Major English Romantic poet William Wordsworth, born in 1770 at Cockermouth, Cumberland, England in the United Kingdom, is considered to be one of the most important literary figures in modern history, as well as one of the leading purveyors of the Romantic Movement in English literature at the end of the 18th century.
William Wordsworth (April 7, 1770 – April 23, 1850) has been one of the finest literary figures in modern history. He studied at Cambridge University. In 1798 he worked on Lyrical Ballads (1798) with Samuel Taylor Coleridge. English poetry was introduced to Romanticism with this collection containing Wordworth’s “Tintern Abbey”.
When he was 7, his mother died and by13 he became an orphan, but studied well at the Hawkshead Grammar School. It was here that he wrote his very first poem and did further studies at Cambridge University to graduate in 1791. In the midst of the French Revolution in 1790, he visited France and became supporter of republican ideals of the new government. He fell in love with Annette Vallon, but got separated from her, though she was pregnant with his child, in 1793 when war was declared between France and England.
With no income in England and left adrift, radicals like William Godwin influenced him. He lived with his younger sister after receiving an inheritance in 1795. He became friends with Samuel Taylor Coleridge and worked with him in 1798 on Lyrical Ballads. Wordsworth wrote an epic autobiographical poem The Prelude in 1850, the same year in which was published. He married Mary Hutchinson in England but before that he was able to see Annette Vallon and Caroline, their daughter. In 1803 his wife Mary gave birth to his first child with her. “Ode: Intimations of Immorality” and “I Wandered Lonely as Cloud”, were pieces published in 1807. I Wandered Lonely as a Cloud’ is one of his best known poems, which shows Wordsworth’s affinity for nature.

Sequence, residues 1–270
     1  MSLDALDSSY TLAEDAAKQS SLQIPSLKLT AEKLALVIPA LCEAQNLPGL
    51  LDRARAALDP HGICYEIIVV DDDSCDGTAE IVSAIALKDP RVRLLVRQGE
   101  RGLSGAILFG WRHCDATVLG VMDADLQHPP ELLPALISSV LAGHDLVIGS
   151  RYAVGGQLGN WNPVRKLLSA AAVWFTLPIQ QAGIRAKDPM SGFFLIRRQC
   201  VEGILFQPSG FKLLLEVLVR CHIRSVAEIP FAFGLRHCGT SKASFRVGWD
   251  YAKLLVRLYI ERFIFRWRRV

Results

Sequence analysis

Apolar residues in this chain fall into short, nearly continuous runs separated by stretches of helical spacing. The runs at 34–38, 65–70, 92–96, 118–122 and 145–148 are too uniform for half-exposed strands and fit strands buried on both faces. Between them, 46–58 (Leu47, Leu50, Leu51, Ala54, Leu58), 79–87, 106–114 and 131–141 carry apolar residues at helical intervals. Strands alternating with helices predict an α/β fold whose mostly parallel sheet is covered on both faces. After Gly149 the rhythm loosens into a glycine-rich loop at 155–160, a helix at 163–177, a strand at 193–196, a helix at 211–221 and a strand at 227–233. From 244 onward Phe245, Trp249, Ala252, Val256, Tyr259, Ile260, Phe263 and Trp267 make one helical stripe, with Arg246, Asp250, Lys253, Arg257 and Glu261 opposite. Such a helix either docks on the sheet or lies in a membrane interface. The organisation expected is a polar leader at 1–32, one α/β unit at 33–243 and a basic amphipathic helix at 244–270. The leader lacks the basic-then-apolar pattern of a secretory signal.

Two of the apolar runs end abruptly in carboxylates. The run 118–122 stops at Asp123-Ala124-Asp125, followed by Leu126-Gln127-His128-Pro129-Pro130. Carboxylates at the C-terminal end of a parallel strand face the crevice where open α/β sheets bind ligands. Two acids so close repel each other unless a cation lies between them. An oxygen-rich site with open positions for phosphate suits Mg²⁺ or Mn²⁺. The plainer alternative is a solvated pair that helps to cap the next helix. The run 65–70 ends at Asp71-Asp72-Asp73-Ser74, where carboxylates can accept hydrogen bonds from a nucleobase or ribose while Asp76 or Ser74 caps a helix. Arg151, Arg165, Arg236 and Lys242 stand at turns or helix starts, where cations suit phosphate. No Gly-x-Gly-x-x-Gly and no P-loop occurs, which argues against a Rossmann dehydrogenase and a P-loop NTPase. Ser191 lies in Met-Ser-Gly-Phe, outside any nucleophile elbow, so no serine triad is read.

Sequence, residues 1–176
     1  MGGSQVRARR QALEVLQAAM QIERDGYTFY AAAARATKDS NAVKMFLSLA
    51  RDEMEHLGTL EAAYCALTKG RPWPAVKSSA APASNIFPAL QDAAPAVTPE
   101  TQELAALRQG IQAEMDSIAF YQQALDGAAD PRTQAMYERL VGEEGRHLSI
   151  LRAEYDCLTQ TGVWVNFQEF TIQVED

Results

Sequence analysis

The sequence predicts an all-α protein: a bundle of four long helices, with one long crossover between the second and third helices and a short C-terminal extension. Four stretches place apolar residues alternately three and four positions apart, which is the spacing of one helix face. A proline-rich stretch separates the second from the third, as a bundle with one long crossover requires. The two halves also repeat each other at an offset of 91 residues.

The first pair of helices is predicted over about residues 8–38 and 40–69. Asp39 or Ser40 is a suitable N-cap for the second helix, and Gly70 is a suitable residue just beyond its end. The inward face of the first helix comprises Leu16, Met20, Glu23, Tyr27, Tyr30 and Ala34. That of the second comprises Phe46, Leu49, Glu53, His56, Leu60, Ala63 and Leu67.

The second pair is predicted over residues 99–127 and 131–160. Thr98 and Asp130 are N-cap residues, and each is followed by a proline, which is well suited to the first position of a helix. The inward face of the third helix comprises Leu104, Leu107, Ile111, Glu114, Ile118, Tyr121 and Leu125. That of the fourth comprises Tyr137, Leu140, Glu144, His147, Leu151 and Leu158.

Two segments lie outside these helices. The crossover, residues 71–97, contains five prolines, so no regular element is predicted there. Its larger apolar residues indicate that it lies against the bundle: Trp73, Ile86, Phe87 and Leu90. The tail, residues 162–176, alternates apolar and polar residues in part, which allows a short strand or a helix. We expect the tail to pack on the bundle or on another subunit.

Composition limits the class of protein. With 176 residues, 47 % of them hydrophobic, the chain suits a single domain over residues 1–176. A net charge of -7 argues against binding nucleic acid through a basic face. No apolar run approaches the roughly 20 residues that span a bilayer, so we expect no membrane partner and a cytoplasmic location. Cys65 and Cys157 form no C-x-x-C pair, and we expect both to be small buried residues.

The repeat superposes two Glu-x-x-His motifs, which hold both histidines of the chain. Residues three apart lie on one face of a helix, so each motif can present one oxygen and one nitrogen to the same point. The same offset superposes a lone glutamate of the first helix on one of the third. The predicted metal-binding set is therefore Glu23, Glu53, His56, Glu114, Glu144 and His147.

William Wordsworth started rejecting radicalism as he grew older. He was named as stamps distributor in 1813 after which he move to Lake District with his family. He ardently supported conservative Tories by 1818. In 1843 he became a poet laureate in England, a role he held until death at Rydal Mount, Westmorland, England, United Kingdom.